audits Archives

What to know about filing gift tax forms

Each year, Maryland residents and others are free to gift up to $15,000 per person to as many people as they would like. If an individual makes gifts in excess of $15,000, he or she is generally required to file Form 709. This is true even if a person owes no tax on the excess amount gifted because of his or her lifetime gift exemption.

Contributing too much to a 401(k)

For many Maryland workers, a 401(k) retirement account is one of the perks of their jobs. However, the Internal Revenue Service has found that some people have taken advantage of the system and are making contributions that are in excess of what is currently allowed.

The rules of rollover waivers

Generally speaking, Maryland residents and others have 60 days to rollover funds from a 401k or IRA into a new IRA. Failure to meet this deadline could result in negative tax consequences. However, there is a chance that the IRS could allow a person to avoid financial penalties for failing to complete a rollover in a timely manner. This may be possible if a bank or other financial institution makes an error during the rollover process.

IRS audits continue to decline

While many Maryland taxpayers fear audits, the Internal Revenue Service is actually checking up on fewer people. The shrinking number of tax audits has been highlighted by news coverage of allegations that President Donald Trump and his family members failed to pay hundreds of millions of dollars in taxes. In 2017, only one out of every 160 tax returns were audited, marking 0.6 percent of 245 million returns. For six years, the number of audits has declined annually, and it has now reached its lowest level in 15 years.

Specific reasons grant IRS unlimited time to pursue unpaid taxes

Statutes of limitations generally prevent the Internal Revenue Service from investigating tax returns that are older than six years. For most returns filed by taxpayers in Maryland, the IRS only has three years to audit the reported income. If the agency suspects that income has been substantially underreported by 25 percent or more, the law provides up to six years to initiate an audit and pursue taxes and penalties. Three major exceptions to these limitations, however, remove time constraints and grant the agency's civil division the power to review returns of any age.

TIGTA says IRS not using currency reports from banks

The Treasury Inspector General for Tax Administration has released a report indicating that the Internal Revenue Service makes little use of bank currency reports. Many Maryland residents are aware that if they deposit more than $10,000 in cash at any one time, their bank will send a report of the transaction to the IRS. Chances are that the IRS will never look at a particular currency report.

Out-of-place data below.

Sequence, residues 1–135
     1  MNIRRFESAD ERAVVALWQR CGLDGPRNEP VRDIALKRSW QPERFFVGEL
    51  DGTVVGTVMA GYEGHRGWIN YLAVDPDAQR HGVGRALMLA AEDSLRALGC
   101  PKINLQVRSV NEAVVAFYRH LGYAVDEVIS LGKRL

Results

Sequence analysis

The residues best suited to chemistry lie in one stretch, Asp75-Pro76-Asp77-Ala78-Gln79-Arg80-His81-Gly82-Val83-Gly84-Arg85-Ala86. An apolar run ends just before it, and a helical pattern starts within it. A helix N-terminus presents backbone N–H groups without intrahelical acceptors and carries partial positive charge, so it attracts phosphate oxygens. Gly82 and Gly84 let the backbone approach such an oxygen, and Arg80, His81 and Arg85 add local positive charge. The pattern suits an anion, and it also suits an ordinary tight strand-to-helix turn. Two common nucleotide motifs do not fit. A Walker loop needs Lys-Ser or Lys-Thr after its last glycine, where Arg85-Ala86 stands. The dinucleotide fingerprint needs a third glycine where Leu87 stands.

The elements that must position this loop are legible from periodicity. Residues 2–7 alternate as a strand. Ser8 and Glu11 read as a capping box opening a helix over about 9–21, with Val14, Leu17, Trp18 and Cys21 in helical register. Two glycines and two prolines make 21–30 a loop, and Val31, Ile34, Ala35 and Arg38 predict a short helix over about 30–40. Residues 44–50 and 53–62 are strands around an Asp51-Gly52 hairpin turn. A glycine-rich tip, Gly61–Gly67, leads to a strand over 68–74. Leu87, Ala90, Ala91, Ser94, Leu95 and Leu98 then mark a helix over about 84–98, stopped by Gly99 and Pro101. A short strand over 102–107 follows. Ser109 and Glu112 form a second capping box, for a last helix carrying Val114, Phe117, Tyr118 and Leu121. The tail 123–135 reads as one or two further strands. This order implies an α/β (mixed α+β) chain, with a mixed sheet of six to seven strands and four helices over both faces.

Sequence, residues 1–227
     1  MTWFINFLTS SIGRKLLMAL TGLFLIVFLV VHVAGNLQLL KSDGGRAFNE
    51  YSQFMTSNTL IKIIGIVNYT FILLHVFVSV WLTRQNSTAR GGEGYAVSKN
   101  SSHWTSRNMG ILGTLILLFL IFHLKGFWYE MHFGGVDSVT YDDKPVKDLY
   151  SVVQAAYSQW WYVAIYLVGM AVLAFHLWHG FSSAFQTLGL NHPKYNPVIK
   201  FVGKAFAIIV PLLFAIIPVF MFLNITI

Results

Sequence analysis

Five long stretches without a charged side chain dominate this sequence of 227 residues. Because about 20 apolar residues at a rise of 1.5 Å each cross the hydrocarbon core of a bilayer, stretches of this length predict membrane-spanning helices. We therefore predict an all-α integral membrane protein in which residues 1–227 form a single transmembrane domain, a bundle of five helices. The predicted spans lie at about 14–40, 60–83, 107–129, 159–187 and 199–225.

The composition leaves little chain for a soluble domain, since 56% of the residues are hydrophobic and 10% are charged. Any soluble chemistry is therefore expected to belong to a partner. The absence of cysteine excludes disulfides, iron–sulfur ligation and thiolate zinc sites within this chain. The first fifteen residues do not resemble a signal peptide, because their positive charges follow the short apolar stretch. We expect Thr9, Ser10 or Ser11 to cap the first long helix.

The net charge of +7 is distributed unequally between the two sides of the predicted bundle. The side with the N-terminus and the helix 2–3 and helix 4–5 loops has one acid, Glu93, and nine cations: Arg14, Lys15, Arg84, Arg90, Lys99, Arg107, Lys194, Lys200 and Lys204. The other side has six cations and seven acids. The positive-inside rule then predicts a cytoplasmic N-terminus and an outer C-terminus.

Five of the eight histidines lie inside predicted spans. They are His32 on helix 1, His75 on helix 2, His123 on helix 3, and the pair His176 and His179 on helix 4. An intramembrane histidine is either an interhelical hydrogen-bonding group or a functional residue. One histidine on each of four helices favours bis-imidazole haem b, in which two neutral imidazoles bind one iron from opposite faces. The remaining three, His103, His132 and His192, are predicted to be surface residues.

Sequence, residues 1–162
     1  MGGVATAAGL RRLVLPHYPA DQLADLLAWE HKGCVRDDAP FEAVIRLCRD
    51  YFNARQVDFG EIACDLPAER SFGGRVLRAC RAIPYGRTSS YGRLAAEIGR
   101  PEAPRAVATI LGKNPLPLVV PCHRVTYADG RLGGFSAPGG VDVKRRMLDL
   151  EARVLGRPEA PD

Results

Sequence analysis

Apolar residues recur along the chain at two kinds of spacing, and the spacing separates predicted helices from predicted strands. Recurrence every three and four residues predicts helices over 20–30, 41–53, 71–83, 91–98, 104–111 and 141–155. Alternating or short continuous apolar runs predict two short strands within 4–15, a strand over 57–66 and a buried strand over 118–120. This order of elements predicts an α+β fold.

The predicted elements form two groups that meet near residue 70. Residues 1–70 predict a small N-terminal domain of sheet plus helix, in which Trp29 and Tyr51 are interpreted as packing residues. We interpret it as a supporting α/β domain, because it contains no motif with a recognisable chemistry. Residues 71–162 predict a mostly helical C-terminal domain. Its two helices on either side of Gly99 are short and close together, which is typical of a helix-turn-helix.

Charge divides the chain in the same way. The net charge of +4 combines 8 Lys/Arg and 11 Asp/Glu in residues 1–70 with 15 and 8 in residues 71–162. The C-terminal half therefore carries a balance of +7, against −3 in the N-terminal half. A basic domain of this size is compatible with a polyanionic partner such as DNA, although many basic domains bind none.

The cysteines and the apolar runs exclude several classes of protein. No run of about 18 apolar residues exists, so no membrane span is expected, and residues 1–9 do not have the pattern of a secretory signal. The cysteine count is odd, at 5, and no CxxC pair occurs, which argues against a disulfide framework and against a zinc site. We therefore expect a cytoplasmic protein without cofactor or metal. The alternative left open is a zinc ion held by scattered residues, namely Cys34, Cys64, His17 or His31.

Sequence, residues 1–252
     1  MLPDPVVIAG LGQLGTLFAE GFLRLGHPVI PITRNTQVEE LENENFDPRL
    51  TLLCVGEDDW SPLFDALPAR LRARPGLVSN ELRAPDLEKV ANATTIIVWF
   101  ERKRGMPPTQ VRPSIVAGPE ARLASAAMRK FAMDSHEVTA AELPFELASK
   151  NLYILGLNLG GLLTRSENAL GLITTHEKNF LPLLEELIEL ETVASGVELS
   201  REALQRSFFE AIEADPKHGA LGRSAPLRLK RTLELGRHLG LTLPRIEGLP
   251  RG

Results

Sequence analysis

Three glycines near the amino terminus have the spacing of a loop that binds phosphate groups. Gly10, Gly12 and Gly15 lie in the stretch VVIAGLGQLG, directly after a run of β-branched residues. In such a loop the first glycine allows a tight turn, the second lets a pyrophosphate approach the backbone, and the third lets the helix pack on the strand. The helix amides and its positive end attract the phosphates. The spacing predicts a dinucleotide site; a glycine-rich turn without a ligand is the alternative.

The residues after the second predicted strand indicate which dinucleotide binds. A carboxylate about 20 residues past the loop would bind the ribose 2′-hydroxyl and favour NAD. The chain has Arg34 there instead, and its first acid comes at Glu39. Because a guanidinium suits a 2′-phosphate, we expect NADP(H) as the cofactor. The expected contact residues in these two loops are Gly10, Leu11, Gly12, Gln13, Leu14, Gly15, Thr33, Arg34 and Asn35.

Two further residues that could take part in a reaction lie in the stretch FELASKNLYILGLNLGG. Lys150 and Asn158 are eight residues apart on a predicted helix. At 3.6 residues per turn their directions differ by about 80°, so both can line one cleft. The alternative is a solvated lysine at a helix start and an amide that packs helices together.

If you're flagged for an employment tax audit, be careful

If you're a business owner, receiving a letter from the Internal Revenue Service or Maryland State Department of Assessments and Taxation can be intimidating. It may be tempting to ignore the inquiry in hopes that it's a minor issue that can be addressed later, but that's exactly the wrong approach. The best way to minimize exposure and get back to conducting normal business operations is to immediately find out the exact nature of the inquiry.

Common income tax mistakes cost money

Small mistakes can be costly when it comes to filing state or federal income taxes. Though most people endeavor to pay as little in taxes as possible, many filers are still overpaying every year. Maryland residents can avoid such mishaps by remembering a few tips.

Tax return records need to be kept on file for over 3 years

People in Maryland might have heard that they should keep copies of their federal tax returns for three years. This guideline represents a minimum recommendation that does not necessarily protect people from all inquiries from the Internal Revenue Service. Although the agency generally has three years to decide if it is going to audit a person or require additional tax payments, some situations extend the statute of limitations.

Common tax issues that raise chances of IRS audit

Although individuals in Maryland only face a low chance of getting audited by the Internal Revenue Service, not all tax returns are created equal. The IRS uses computers to analyze tax returns and flag some for closer review based on criteria meant to identify potential problems. Self-employed income, higher-than-average itemized deductions, rental properties and home office expenses all represent categories that could cause the agency to scrutinize people's tax filings.

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